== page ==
Micropuncture measurement of microvascular pressures in isolated lamb lungs during hypoxia.
To study the effect of alveolar hypoxia on the pulmonary circulation of the newborn, we determined the longitudinal distribution of vascular pressures and the distribution of blood flow in isolated blood perfused lungs of newborn lambs during normoxia and hypoxia. We also examined the effect of hypoxia on the slope and intercept of the vascular pressure-flow (P/Q) relation. In 14 lungs, we used the micropipette servonulling technique to measure pressures in 20-80 micron subpleural arterioles and venules during normoxia and hypoxia at constant blood flow. In 5 other lungs, we used radiolabelled microspheres to determine the effect of hypoxia on regional distribution of blood flow. Under baseline normoxic conditions, segmental pressure drops in arteries, microvessels, and veins were approximately equal. During hypoxia pulmonary artery pressure always increased, resulting in a 60% increase in total vascular resistance. All segmental pressure drops increased with hypoxia. Arterial and venous pressure drops increased by 80 and 70% respectively, contributing almost equally to the increase in total pulmonary vascular resistance. Regional distribution of blood flow was uniform during normoxia and was unchanged during hypoxia. Hypoxia increased both the slope and intercept of the P/Q relation significantly, with an increase in fluid filtration rate. We conclude that in the newborn lamb alveolar hypoxia leads to pulmonary arterial and venous constriction, resulting in increased microvascular pressure and fluid filtration.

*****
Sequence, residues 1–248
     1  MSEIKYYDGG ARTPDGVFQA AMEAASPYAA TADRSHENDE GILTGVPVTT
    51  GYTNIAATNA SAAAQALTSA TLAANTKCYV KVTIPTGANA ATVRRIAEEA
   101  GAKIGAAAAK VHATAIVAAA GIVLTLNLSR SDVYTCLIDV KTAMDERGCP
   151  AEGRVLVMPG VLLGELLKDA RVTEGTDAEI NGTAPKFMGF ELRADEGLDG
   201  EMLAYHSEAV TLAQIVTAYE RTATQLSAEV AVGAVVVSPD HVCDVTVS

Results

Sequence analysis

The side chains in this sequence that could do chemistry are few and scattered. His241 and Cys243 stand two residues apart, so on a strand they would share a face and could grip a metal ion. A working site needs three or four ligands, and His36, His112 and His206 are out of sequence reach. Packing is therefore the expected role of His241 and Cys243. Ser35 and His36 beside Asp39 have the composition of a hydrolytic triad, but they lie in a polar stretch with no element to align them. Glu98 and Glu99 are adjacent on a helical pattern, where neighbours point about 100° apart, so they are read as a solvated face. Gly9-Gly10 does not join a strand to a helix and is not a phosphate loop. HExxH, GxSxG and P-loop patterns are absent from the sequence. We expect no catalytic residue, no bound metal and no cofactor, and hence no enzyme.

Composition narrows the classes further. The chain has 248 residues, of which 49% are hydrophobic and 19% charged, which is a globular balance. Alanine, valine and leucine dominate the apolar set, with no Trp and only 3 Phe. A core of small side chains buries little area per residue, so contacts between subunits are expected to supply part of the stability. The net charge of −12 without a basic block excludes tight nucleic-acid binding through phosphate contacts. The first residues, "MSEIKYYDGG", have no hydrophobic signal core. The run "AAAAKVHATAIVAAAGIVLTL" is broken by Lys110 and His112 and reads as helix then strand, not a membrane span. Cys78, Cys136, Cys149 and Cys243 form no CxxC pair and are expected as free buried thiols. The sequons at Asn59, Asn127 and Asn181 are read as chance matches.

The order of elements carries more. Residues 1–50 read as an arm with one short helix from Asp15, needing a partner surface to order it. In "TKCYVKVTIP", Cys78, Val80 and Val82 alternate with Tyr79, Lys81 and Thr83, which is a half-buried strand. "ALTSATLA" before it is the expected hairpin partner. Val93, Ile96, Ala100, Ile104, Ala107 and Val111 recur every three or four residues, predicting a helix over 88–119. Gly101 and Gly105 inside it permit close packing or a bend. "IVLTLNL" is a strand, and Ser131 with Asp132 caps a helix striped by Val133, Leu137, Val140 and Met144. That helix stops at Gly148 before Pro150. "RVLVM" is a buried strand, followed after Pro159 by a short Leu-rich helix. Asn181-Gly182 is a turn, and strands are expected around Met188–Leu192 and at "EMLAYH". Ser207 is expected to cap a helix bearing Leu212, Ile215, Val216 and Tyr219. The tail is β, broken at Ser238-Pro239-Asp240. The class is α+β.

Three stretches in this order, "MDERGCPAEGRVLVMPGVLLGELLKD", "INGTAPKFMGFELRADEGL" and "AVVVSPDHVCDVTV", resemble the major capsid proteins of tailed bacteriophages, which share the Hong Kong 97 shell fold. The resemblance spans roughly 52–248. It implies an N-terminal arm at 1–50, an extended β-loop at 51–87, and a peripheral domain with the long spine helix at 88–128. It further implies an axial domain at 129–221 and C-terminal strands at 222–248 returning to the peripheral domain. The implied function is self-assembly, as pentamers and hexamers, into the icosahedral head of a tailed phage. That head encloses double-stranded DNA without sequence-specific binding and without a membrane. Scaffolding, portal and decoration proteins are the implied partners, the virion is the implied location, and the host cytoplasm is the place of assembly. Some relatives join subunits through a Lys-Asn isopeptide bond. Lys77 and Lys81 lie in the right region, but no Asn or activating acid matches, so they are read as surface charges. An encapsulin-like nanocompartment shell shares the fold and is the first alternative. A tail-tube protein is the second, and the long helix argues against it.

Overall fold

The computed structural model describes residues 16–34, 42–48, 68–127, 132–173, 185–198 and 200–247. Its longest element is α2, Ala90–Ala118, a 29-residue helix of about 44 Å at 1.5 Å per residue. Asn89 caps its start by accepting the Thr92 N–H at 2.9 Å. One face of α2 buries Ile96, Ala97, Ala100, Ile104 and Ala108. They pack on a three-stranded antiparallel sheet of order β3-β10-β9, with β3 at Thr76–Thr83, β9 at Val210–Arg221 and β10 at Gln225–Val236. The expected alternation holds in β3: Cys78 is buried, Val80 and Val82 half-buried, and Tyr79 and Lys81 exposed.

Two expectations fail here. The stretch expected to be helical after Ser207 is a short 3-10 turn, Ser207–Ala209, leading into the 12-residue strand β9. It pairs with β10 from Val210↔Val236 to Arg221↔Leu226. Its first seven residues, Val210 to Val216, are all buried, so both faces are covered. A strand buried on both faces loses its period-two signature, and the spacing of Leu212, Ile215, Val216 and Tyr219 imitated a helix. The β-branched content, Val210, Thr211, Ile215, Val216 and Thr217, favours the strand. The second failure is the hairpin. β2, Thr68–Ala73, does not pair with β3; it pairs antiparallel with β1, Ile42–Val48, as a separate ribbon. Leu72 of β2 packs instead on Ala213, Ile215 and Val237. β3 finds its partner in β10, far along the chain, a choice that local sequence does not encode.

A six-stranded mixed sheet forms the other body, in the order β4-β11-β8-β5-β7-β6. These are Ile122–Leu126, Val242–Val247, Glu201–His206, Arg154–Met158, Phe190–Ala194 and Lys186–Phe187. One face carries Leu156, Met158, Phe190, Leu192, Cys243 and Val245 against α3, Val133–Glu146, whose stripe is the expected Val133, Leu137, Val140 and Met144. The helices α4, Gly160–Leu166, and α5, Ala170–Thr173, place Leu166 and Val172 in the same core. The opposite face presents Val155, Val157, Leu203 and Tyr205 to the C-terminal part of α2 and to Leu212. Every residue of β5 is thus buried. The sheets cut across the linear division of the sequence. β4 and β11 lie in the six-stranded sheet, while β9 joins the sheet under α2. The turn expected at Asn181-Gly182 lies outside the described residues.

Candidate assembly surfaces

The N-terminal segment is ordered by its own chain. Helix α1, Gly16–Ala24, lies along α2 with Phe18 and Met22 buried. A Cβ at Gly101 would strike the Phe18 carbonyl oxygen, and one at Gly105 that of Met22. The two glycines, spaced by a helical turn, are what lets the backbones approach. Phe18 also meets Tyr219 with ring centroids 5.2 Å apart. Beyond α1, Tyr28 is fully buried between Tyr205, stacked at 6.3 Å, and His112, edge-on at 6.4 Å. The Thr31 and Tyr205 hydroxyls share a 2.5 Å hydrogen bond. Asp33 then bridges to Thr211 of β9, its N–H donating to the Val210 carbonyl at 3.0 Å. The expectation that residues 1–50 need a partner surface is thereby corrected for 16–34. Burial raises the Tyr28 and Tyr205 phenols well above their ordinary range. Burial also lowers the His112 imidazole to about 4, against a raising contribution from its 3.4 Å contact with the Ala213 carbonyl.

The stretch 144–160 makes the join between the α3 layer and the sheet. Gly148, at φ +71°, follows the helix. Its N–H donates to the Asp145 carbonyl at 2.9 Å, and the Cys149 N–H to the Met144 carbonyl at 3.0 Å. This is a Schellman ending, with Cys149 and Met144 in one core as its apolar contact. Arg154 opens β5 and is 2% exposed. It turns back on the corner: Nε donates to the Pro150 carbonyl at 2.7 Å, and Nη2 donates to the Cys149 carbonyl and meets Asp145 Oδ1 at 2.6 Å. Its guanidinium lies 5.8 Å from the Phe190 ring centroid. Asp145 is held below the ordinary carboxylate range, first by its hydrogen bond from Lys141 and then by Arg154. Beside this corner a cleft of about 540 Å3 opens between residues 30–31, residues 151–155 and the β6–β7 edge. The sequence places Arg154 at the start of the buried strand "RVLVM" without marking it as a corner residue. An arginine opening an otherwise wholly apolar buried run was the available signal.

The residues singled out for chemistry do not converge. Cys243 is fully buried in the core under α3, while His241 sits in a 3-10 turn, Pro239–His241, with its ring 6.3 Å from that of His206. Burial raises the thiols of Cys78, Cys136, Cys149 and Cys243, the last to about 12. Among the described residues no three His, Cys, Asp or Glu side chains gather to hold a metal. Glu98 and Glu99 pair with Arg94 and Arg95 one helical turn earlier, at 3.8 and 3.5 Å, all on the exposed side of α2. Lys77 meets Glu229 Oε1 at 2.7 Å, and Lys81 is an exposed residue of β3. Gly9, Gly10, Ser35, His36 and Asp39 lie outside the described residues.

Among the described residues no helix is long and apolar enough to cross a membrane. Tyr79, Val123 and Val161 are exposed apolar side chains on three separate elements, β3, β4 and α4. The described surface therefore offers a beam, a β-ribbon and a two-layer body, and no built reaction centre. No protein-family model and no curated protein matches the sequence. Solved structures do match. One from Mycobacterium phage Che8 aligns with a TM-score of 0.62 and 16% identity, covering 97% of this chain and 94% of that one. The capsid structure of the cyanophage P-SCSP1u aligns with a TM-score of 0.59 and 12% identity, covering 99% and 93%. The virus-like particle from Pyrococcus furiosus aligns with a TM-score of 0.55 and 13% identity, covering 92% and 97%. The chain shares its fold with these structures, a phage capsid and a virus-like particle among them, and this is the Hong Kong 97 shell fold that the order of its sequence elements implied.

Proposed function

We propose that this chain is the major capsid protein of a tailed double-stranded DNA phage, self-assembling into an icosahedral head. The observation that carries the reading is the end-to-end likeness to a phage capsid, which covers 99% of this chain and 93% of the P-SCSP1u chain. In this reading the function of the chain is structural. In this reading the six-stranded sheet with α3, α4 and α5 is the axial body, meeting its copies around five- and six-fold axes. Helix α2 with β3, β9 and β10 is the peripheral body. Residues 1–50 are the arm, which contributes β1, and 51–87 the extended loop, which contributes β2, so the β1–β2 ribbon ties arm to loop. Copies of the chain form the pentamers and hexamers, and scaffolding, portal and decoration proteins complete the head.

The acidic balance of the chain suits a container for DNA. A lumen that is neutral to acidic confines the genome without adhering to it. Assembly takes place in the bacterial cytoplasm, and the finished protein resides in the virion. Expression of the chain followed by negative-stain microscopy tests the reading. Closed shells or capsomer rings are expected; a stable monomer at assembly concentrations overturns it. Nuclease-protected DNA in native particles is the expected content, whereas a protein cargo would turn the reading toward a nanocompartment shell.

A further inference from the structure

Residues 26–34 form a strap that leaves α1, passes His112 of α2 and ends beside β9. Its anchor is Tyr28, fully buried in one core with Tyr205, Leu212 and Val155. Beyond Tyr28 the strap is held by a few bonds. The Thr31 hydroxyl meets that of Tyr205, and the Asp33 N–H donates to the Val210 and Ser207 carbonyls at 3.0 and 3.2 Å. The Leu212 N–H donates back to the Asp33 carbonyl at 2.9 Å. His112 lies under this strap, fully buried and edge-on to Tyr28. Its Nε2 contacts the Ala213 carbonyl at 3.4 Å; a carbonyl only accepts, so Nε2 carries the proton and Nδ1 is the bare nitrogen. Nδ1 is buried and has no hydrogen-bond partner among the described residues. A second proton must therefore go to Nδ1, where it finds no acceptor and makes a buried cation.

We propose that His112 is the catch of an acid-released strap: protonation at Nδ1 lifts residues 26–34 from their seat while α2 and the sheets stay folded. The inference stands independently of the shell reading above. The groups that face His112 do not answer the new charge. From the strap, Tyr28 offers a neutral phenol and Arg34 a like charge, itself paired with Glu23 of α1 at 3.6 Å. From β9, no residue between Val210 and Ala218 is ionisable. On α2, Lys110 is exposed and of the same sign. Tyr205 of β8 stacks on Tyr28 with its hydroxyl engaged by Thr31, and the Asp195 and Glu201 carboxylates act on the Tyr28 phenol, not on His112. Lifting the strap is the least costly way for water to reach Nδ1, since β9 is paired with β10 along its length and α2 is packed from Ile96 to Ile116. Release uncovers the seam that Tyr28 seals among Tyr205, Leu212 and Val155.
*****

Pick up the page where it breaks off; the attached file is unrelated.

- Copyright © 1986 by American Heart Association